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How much should it cost to replace a crankshaft oil seal on a 2004 Saab 9-3 2.0-litre petrol Turbo?
Filed under servicing - Asked by Gene Lett (Donegal) - Fri, 16 Jul 2010 18:30
How much should I pay for a timing belt replacement for a 1999 Opel Vectra?
Filed under servicing - Asked by SHAY DOWLING (DUBLIN) - Thu, 20 May 2010 00:52
Is it easy to change a camshaft sensor in a 2004 SEAT Leon 1.4? If so how do I go about it?
Filed under servicing - Asked by Robert McSweeney (Cork) - Sat, 08 May 2010 13:45
I have a 2002 BMW 3 Series worth about €4,500. I bought it a few months ago but things are already starting to go wrong with it. Should I take it to a BMW dealership for service and repair, which could cost a fortune or should I go to the cheapest mechanic I can find to get it looked at? I don't want the work costing more than the car is worth but at the same time I'd like to have a good service history for the car and repairs well done rather than a sticking plaster effort. What would you advise?
Filed under servicing - Asked by Brian O'Sullivan (Mayo) - Wed, 05 May 2010 22:41
Hi. I brought my car to a mechanic recently for a service as its NCT is up soon. He told me as I've over 60,000 miles on the clock my timing belt needs to be replaced, but between labour and parts it'll cost around €400. Is this true? He doesn't seem like the world's most dishonest guy in fairness, but I don't want to have to shell out another €400 unless it's completely necessary.
Filed under servicing - Asked by Brion Lynch (Dingle) - Wed, 28 Apr 2010 20:58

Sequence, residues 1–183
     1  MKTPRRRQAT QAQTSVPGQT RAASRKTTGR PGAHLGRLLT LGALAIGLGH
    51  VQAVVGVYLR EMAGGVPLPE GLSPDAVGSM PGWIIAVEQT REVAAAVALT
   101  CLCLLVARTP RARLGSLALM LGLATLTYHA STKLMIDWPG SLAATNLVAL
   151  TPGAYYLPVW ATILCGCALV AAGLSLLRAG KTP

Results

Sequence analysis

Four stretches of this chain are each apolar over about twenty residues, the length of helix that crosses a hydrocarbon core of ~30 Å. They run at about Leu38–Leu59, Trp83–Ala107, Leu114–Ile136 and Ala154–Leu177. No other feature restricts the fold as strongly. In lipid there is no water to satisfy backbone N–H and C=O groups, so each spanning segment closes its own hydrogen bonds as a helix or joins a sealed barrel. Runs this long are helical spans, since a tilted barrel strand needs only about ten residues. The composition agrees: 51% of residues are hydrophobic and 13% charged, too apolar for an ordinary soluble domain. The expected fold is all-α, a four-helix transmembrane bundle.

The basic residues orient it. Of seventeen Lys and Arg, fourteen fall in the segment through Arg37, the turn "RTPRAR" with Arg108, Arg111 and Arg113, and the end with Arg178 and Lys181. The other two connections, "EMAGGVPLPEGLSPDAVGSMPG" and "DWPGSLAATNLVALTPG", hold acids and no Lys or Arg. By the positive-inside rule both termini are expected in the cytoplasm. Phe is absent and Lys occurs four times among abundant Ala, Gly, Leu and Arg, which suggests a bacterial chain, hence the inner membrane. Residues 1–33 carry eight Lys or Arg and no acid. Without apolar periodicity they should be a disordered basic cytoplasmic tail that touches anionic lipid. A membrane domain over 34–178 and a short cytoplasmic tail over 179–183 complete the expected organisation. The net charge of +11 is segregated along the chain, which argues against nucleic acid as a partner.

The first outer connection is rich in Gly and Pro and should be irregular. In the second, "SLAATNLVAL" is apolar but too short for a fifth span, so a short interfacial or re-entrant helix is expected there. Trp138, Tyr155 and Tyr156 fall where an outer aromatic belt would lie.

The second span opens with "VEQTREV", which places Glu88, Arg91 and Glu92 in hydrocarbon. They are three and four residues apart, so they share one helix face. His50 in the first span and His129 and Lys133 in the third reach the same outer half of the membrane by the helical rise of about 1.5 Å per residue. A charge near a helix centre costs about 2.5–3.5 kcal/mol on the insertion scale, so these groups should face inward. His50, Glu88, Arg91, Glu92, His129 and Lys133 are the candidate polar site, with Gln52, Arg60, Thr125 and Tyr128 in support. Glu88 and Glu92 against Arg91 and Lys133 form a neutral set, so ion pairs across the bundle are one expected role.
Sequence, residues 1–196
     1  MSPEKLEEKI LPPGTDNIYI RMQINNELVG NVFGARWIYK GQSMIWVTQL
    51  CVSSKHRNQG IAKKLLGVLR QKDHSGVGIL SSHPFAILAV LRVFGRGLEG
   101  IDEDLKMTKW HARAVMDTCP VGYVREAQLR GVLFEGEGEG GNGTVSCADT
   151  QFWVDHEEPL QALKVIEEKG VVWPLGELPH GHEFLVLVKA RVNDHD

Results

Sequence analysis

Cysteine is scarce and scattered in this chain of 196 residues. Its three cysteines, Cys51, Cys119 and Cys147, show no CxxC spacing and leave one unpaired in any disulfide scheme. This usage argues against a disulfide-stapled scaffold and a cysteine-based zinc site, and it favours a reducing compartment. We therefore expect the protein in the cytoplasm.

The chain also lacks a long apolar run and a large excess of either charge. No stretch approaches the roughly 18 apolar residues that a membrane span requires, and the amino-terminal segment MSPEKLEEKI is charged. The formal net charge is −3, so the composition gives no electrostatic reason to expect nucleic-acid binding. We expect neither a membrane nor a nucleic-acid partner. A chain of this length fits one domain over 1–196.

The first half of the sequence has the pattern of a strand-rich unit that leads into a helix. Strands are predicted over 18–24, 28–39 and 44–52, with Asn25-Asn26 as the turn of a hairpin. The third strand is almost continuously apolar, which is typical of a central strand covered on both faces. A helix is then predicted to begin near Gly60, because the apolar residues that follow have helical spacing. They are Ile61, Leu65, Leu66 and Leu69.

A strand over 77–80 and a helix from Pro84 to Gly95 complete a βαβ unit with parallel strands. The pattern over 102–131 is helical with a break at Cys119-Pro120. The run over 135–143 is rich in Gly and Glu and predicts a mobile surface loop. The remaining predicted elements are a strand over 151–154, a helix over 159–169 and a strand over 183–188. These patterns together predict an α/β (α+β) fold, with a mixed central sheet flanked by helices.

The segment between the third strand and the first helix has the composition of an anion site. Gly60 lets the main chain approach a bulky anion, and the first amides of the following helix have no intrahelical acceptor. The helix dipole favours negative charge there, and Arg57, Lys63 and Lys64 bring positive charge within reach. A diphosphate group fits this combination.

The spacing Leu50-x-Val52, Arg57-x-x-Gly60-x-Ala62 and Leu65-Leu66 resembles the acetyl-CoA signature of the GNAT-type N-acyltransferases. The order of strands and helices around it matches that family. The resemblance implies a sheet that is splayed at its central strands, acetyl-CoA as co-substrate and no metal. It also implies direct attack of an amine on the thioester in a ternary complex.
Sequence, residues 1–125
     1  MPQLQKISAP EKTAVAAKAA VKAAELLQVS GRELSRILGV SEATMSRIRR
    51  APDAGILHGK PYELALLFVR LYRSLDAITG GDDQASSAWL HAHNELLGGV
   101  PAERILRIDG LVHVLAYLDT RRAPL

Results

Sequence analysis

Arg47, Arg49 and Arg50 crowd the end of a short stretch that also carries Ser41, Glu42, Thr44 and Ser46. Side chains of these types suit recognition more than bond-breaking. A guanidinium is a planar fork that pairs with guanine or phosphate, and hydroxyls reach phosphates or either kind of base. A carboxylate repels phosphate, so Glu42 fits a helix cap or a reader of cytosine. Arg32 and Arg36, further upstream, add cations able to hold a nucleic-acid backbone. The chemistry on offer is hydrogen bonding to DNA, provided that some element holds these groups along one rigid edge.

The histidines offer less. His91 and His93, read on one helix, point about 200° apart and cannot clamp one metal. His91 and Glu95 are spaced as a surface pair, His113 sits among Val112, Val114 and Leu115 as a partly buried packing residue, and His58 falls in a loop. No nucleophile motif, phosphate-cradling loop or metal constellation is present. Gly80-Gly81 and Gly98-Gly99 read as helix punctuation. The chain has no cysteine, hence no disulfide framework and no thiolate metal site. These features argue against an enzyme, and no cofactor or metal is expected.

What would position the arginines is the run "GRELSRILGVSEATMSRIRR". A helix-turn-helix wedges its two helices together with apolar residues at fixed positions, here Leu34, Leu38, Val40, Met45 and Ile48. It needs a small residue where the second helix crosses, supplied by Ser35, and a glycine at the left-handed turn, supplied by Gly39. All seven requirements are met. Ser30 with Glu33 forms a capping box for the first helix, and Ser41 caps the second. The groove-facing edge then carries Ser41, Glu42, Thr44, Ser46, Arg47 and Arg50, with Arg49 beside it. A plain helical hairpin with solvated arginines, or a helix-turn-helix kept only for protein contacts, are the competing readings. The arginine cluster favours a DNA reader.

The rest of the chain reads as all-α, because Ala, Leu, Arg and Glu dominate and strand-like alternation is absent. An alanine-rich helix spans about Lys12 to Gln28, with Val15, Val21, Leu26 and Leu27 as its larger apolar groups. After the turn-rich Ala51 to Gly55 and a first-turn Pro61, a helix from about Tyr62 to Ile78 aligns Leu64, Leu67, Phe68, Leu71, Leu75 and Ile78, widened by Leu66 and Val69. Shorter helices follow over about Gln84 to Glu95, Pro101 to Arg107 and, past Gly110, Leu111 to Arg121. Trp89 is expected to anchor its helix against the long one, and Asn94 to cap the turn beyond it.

My NCT is coming up soon? Is it best to get the car serviced before the NCT or to go ahead with the test, then have identified faults repaired and return to the NCT centre? Which is most cost effective?
Hi Stephen. We would always echo the words of the manufacturers when it comes to servicing intervals. They are there for a reason so it is usually best to stick with them.
However, from personal experience - albeit with a much older car - the NCT can sometimes uncover things that you didn't know was a problem. If it isn't too long to the NCT, I personally would wait until the NCT and then get a retest if it fails because 9 times out of 10 this works out as a cheaper option rather than getting a service then having to go back to a dealer and get more work done at a later stage if the NCT uncovers anything. At least by having the NCT first you can get the car serviced and also get any faults identified by the test repaired in one go.
However, if your NCT is a long time away and your car is well overdue a service, I would get the service done first as you could end up causing your car some problems which could cost you a lot more to put right.
Filed under servicing - Asked by Stephen Duffy (Abbeyleix) - Wed, 05 May 2010 20:58